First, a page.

**Estimated BMR **using the Cunningham equation:

- = 500 + (22 x lean body mass in kg) BMR
- = 500 + (22 x 64) BMR
- = 500 + 1,408 BMR
- = 1,908 calories per day

The estimated BMR is **1,908 calories per day.**

**TDEE for Moderately active** (3-5 days of exercise per week): BMR x 1.55

**TDEE**=1752.4 x 1.55= 2716.22**TDEE**

**FAQs**

**TDEE vs. BMR**

TDEE and BMR are both measures of the number of calories the body burns, but they represent different aspects of energy expenditure:

**BMR (Basal Metabolic Rate)**

BMR is the calories needed to maintain essential physiological functions at complete rest.

It represents the energy required for vital processes such as breathing, circulation, cell production, and maintaining body temperature.

BMR is measured under strict conditions, including waking up after an extended sleep period, in a thermally neutral environment, and a fasting state.

**TDEE (Total Daily Energy Expenditure)**

TDEE is the total number of calories the body burns daily, considering all activities, including BMR, physical activity, thermic effect of food (TEF), and non-exercise activity thermogenesis (NEAT).

BMR represents the minimum calories required for vital functions at rest, while TDEE is the total calories burned throughout the day, including all forms of activity and metabolism.

**Are TDEE Calculators Accurate?**

A TDEE calculation is not always accurate because the body’s energy expenditure changes over time, but it can help most people make informed decisions about their diet.

Use the TDEE calculator to get started. You might need to change based on your experience and observations to reach your health and fitness goals.

**Can TDEE help me lose weight?**

Yes, TDEE can be a useful tool for weight loss. By calculating your TDEE, you can determine the number of calories your body needs to maintain its current weight.

You can create a calorie deficit by consuming fewer calories than your TDEE to lose weight.

**Can TDEE help me gain weight?**

Yes, TDEE can be beneficial for weight gain. You need to consume more calories than your body burns to gain weight.

Calculating your TDEE allows you to determine the number of calories your body needs to maintain its current weight and then consume additional calories to create a calorie surplus.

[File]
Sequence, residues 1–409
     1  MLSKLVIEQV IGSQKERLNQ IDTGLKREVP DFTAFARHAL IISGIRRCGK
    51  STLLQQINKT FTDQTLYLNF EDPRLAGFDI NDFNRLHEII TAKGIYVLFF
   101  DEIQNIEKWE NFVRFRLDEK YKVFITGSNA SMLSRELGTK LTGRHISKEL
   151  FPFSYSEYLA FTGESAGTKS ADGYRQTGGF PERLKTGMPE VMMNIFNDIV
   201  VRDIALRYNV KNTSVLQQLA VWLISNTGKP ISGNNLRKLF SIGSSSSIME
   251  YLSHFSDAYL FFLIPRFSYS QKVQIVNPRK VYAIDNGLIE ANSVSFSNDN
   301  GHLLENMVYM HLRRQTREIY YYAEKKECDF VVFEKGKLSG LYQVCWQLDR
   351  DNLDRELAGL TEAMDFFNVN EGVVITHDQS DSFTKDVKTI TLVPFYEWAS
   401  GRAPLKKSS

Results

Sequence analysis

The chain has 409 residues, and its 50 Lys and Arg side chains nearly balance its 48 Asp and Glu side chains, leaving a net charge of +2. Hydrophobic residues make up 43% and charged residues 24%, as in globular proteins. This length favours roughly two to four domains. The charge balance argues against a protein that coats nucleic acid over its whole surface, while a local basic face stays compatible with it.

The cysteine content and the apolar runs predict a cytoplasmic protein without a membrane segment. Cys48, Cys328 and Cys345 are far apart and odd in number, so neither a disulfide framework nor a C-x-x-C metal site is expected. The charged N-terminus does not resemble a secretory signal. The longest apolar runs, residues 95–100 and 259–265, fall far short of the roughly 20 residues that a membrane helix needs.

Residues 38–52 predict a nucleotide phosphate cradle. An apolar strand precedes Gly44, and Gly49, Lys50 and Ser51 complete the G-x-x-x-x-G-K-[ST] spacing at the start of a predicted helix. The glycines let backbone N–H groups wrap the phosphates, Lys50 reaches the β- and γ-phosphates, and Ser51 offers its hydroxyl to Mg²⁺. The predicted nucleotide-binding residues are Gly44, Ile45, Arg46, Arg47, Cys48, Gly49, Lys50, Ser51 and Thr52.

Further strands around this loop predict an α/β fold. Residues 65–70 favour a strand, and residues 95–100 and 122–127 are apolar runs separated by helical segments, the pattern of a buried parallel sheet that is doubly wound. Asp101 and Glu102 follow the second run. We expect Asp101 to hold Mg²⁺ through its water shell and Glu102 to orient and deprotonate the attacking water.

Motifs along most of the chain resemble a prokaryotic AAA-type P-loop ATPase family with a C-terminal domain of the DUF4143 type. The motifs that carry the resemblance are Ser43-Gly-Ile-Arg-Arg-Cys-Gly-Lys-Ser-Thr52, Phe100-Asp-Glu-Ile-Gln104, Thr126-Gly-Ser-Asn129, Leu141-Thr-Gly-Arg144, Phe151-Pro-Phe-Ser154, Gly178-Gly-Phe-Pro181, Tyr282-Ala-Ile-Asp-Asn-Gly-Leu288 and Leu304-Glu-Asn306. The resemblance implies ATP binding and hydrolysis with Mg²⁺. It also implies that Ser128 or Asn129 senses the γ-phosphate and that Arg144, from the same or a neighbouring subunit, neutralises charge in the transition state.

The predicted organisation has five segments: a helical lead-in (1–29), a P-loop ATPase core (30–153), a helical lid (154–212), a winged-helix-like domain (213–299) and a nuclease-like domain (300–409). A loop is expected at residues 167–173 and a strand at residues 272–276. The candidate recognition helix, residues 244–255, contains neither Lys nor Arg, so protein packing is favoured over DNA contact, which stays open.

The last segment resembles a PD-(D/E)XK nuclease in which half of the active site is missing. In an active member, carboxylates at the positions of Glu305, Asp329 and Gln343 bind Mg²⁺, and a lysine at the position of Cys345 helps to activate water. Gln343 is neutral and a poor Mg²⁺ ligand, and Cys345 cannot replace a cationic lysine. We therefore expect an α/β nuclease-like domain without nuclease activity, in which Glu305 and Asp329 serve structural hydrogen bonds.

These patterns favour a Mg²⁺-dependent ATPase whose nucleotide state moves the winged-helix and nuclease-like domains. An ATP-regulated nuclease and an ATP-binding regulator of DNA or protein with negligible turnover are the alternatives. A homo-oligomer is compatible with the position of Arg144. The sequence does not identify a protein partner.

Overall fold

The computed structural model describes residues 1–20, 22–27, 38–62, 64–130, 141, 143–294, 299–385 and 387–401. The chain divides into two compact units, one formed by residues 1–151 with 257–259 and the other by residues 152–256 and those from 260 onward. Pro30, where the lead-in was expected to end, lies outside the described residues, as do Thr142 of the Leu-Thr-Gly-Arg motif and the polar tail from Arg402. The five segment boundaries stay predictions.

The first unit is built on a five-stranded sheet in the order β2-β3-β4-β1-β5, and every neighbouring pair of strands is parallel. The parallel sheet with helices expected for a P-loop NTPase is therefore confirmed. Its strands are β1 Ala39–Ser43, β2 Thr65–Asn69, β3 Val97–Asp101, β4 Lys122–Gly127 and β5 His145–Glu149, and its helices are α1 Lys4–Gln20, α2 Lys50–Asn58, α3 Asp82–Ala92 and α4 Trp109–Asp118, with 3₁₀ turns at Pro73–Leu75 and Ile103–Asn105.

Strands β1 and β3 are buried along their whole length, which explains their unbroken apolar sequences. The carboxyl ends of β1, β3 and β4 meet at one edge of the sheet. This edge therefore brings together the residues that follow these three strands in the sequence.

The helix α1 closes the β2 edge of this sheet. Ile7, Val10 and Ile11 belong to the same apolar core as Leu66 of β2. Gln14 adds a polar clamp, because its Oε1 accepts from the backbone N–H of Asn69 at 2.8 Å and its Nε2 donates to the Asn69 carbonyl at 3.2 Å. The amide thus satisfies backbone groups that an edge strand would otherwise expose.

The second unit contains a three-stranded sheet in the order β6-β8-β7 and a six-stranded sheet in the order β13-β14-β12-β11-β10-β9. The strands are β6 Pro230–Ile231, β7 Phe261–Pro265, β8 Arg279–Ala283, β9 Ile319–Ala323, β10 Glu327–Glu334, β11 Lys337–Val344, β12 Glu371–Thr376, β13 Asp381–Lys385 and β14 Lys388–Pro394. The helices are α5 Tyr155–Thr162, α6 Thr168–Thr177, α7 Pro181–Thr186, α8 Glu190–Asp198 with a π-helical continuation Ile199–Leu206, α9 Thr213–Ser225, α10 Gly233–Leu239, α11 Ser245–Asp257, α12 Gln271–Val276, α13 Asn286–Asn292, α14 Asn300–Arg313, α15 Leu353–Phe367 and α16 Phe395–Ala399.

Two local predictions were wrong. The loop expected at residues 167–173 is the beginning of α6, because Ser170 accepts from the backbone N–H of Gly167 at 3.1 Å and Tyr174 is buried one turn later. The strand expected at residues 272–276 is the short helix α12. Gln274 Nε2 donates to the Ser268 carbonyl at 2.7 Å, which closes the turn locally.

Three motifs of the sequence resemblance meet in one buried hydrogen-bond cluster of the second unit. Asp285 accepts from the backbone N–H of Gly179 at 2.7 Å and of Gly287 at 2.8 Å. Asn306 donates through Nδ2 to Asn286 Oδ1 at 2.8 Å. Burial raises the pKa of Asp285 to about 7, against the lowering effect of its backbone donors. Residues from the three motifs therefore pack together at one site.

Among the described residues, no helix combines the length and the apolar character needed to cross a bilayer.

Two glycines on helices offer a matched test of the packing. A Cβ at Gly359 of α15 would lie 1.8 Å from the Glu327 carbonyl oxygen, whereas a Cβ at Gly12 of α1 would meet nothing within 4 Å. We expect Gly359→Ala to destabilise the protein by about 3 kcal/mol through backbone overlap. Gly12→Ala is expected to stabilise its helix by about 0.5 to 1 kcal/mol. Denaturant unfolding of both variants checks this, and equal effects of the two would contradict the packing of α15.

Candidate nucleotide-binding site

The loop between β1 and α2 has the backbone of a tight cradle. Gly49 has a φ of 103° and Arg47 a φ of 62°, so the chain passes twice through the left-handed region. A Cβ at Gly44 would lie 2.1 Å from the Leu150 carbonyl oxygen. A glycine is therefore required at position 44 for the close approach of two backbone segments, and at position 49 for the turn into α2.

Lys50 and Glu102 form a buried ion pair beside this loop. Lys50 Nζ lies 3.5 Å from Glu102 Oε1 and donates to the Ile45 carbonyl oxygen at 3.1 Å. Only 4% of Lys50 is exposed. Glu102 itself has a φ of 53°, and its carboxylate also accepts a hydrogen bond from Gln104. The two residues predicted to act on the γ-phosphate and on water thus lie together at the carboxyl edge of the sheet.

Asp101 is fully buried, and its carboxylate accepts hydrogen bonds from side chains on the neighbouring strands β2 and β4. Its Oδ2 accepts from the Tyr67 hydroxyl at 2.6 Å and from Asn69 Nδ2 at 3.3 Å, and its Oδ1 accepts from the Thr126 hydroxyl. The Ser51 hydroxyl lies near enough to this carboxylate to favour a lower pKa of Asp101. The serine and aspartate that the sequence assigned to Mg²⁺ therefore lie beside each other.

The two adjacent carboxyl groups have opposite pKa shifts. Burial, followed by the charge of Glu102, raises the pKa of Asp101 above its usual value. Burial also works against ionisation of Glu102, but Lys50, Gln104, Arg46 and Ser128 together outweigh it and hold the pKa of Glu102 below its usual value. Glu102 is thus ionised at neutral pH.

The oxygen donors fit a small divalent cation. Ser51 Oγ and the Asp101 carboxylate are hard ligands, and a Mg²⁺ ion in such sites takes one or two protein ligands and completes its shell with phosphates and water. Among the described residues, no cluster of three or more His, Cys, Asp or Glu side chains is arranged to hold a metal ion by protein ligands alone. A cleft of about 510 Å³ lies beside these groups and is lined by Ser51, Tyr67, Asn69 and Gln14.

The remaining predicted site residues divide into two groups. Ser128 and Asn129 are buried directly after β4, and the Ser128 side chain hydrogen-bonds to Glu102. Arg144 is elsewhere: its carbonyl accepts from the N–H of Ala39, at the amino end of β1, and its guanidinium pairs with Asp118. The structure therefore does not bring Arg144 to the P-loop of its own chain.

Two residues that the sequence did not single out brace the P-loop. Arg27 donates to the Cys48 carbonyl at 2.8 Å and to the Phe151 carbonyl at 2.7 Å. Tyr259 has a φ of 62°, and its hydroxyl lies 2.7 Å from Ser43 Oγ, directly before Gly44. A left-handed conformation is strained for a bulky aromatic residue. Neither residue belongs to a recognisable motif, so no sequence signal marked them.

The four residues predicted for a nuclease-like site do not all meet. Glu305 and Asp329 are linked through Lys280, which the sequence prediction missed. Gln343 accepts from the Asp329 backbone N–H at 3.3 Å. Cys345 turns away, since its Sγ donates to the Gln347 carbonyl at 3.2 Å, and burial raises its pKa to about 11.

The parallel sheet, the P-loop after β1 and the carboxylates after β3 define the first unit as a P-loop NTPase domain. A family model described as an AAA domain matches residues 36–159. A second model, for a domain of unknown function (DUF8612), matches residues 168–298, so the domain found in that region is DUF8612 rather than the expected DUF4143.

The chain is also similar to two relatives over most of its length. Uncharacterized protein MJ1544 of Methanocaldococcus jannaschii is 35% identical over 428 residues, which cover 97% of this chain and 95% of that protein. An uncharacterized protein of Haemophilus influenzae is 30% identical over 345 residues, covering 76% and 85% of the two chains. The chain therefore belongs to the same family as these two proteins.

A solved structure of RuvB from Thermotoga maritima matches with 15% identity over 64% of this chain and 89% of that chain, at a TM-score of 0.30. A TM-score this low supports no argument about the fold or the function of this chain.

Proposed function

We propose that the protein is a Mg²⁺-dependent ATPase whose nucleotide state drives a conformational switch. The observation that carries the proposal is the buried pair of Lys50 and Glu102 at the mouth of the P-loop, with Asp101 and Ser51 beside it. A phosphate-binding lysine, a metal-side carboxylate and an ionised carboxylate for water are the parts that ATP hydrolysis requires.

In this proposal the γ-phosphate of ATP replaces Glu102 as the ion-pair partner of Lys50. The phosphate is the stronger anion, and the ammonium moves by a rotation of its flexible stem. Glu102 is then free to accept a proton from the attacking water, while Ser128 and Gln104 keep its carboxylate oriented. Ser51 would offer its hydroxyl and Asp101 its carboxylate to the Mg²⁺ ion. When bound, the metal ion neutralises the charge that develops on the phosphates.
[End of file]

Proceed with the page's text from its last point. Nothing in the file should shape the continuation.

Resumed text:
**Does exercise increase TDEE?**

Yes, exercise increases TDEE. Exercise expends additional energy beyond what the body would burn at rest, increasing daily energy expenditure.

**How many calories should I cut from TDEE to lose weight?**

A safe and sustainable rate to** cut 500 to 1000 calories daily from your TDEE daily**. This will help you lose about 1-2 pounds per week.

**Takeaways**

TDEE is the number of calories your body burns each day. Once you know your TDEE, you can create a calorie deficit by eating fewer calories than you burn. This will help you lose weight.

There are several ways to calculate your TDEE. You can use our online TDEE calculator, or you can consult a registered dietitian.

A TDEE calculator can help people determine how many calories they should eat for optimal health and fitness. This calculator tells you how many calories you should eat daily to lose or gain weight.

**References:**

- Johnstone AM, Murison SD, Duncan JS, Rance KA, Speakman JR, Factors influencing variation in basal metabolic rate include fat-free mass, fat mass, age, and circulating thyroxine but not sex, circulating leptin, or triiodothyronine1. Am J Clin Nutr 2005; 82: 941-948.
- Tooze JA, Schoeller DA, Subar AF, Kipnis V, Schatzkin A, Troiano RP. Total daily energy expenditure among middle-aged men and women: the OPEN Study.
*Am J Clin Nutr.*2007;86:382–387. - Schwarz, N. A., Rigby, B. R., La Bounty, P., Shelmadine, B., & Bowden, R. G. (2011). A Review of Weight Control Strategies and Their Effects on the Regulation of Hormonal Balance.
*Journal of Nutrition and Metabolism*, 2011. - Buchholz, A. C., Rafii, M., & Pencharz, P. B. (2001). Is the resting metabolic rate different between men and women?
*British Journal of Nutrition, 86*(6), 641–646. - Pinheiro Volp AC, Esteves de Oliveira FC, Duarte Moreira Alves R, Esteves EA, Bressan J. Energy expenditure: components and evaluation methods.
*Nutr Hosp.*2011;26:430–440. - Sparti A, DeLany JP, de la Bretonne JA, Sander GE, Bray GA. Relationship between resting metabolic rate and the composition of the fat-free mass.
*Metabolism.*1997;46:1225–1230. - Contributors, W. E. (n.d.-a).
*Differences Between BMR and RMR*. WebMD. Retrieved December 5, 2022, from: https://www.webmd.com/fitness-exercise/difference-between-bmr-and-rmr

Manish brings over 10 years of hands-on experience in weight lifting and fat loss to fitness coaching. He specializes in gym-based training and has a lot of knowledge about exercise, lifting technique, biomechanics, and more.

Through “Fit Life Regime,” he generously shares the insights he’s gained over a decade in the field. His goal is to equip others with the knowledge to start their own fitness journey.